|I especially "like" the last paragraph.|
If Flaherty was Chinese they would execute him for treason as they don't usually execute people for stupidity.
Canada's oil patch open for Chinese business: Flaherty
Monday, August 10, 2009
Jorge Barrera, Canwest News Service with files from the Financial Post
a123.g.akamai.net Nelson Ching/Bloomberg
Finance Minister Jim Flaherty rolled out the welcome mat for Chinese investment in the Canadian energy sector Monday, saying this country's foreign-investment rules pose little hindrance to the growth of a Chinese presence.
Mr. Flaherty, in Beijing to give Canadian corporate interests a boost in the region, said China is flush with U.S. dollars reserves and is looking to spend it in the "emerging energy superpower" that is Canada.
In meetings with Chinese Vice-Premier Li Keqiang and Chinese Finance Minister Xie Xuren, Mr. Flaherty said neither indicated concerns Canada's foreign-investments regulatory framework would hinder Chinese business interests.
"They did not express any concerns," said Mr. Flaherty. "We are encouraging Chinese foreign direct investment in Canada . . . so long as there is compliance with the governance concern and other rules that we have with Investment Canada."
China has recently expressed concern over its difficulty in establishing a presence in Canada's energy sector.
"China has a great need for natural resources," said Mr. Flaherty, during a conference call with reporters. "Over time, we will see more investment by Chinese businesses in Canada and, over time, we will see growth by our financial institutions in this market (China)."
Mr. Flaherty was accompanied by a high-powered Canadian coterie of financial and corporate leaders, including Mark Carney, governor of the Bank of Canada, along with senior executives from Canadian banks, major insurance firms and the Toronto Stock Exchange.
The state of the global recession and efforts by governments to re-energize their respective economies dominated much of the discussions, said Mr. Flaherty.
"We agreed it is important that the other countries in the G20 keep their commitments that provide stimulus to their economies," said Mr. Flaherty.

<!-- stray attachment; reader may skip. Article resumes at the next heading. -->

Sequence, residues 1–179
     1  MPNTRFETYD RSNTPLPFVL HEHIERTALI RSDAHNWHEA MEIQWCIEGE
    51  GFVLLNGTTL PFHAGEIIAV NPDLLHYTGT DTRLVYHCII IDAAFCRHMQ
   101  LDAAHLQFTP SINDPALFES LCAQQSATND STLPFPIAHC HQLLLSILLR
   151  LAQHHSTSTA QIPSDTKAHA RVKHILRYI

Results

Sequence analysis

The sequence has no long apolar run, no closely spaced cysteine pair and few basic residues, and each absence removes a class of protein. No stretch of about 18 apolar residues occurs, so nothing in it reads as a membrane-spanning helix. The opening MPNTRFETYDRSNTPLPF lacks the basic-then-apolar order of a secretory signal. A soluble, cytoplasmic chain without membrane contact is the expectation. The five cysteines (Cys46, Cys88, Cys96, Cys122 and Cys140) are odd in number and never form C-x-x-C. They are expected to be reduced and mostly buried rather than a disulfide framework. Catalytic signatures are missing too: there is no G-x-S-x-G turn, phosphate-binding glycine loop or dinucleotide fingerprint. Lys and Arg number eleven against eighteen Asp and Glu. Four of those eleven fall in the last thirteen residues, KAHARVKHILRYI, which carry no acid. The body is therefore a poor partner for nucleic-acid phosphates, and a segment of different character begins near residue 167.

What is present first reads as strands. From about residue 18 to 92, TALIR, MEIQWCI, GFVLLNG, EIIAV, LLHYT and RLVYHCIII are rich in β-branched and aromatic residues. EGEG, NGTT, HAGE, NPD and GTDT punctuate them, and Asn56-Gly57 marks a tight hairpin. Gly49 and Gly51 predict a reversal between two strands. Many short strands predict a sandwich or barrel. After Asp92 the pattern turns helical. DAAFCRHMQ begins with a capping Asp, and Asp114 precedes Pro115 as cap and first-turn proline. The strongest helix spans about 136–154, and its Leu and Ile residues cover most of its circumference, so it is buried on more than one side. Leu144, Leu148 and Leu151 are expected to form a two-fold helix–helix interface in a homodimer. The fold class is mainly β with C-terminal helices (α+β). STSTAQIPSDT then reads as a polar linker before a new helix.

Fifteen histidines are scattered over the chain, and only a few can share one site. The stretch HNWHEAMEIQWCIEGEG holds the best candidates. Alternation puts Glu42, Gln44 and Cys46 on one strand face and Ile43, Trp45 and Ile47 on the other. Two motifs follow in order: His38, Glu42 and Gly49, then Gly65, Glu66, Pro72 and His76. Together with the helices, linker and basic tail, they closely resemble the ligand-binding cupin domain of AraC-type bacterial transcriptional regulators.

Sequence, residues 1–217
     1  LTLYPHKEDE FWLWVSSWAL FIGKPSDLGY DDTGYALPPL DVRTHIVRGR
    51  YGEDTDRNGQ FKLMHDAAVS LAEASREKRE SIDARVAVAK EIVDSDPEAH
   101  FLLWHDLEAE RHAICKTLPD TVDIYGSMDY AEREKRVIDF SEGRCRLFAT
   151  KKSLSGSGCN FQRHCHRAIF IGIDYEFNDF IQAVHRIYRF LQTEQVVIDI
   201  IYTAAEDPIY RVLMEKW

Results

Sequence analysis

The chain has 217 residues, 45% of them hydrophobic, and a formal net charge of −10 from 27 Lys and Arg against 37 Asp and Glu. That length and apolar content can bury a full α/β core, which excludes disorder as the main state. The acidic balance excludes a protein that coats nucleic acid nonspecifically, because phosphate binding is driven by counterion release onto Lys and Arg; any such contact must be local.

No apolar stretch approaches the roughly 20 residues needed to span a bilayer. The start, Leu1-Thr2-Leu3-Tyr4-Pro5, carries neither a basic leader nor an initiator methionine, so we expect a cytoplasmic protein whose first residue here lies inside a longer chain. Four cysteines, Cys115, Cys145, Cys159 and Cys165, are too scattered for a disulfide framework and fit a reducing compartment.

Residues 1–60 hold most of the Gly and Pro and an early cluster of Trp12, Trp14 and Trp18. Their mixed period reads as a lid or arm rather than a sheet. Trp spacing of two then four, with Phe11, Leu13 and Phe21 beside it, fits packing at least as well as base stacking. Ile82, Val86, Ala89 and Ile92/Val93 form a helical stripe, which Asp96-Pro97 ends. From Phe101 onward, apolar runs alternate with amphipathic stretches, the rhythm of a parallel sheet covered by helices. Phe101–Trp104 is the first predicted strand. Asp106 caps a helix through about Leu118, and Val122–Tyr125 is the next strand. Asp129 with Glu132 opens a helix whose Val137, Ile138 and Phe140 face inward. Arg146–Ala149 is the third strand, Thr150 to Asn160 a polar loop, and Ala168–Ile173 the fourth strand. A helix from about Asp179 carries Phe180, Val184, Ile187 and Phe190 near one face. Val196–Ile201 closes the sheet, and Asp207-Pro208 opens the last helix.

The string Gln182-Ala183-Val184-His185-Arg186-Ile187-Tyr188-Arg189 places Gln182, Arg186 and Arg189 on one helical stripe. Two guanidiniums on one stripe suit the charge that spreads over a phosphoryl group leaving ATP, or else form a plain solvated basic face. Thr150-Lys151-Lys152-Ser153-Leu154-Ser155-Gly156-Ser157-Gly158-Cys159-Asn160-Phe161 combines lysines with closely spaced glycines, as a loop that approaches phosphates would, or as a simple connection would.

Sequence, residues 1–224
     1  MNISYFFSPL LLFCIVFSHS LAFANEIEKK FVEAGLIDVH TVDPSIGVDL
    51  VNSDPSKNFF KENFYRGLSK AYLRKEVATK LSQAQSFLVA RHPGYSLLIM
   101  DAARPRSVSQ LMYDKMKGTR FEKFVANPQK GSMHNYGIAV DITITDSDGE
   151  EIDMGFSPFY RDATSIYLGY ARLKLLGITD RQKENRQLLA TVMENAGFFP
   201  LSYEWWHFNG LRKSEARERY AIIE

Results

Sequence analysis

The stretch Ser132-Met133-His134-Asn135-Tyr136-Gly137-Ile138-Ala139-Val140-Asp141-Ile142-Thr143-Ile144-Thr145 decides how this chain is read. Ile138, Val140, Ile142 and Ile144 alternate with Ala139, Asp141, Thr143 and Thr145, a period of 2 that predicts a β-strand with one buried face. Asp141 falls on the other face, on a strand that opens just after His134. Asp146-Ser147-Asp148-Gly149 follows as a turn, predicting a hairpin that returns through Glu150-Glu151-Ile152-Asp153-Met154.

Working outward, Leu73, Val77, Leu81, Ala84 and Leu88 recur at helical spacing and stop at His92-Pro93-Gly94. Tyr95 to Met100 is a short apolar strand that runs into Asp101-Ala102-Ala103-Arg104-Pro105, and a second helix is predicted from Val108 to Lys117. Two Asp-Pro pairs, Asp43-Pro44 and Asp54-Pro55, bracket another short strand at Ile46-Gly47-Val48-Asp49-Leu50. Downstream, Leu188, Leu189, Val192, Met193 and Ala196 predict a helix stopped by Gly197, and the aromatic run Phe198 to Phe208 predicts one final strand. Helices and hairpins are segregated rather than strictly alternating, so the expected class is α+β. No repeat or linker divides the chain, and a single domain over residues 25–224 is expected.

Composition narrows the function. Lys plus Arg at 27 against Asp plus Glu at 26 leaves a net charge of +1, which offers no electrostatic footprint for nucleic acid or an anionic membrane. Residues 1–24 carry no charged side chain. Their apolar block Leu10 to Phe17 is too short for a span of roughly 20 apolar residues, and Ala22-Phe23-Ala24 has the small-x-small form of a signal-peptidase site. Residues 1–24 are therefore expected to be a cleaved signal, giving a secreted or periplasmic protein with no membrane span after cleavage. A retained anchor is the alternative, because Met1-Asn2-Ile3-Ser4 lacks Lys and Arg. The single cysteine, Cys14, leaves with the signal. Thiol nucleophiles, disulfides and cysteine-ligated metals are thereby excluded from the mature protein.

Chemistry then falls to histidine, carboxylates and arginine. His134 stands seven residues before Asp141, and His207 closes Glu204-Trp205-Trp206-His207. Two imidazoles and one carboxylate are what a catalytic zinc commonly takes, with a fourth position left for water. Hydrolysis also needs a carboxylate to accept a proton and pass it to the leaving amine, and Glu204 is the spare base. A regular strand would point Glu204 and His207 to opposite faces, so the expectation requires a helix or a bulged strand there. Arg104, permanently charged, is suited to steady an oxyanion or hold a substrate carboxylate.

Carney is scheduled to deliver a speech Wednesday to the Canadian Financial Forum in Beijing on how the Canadian model could be used to build a "resilient financial system."
Mr. Flaherty said his second trip to Beijing was aimed primarily at promoting Canadian corporate interests in China, and to also to entice more Chinese investment into Canada.
While China has been making deals with energy rich countries around the world like Iran and Venezuela, it has failed make any serious inroads into the Canadian energy sector.
In a speech delivered in Geneva on May 4, an official with state-owned China National Petroleum Corp. called for a strategic alliance between China and Canada to create an energy corridor hooking energy-rich Western Canada into energy-starved China.
"The opportunity is there. The question is action. China is prepared for the future and we see the potential Sino-Canadian relationship as a tangible, long-term, mutually beneficial strategy," the official said during a forum attended by Alberta Premier Ed Stelmach.
But Chinese interests have been stymied by regulatory, political and private-sector obstacles.
The high price of developing the oil sands has been a concern for China, which wants to bring in their own cheap labour to offset costs. Chinese firms have also encountered energy players reluctant to enter into major joint ventures. An undercurrent of political hostility also exists toward a large Chinese business presence in the Canadian energy sector.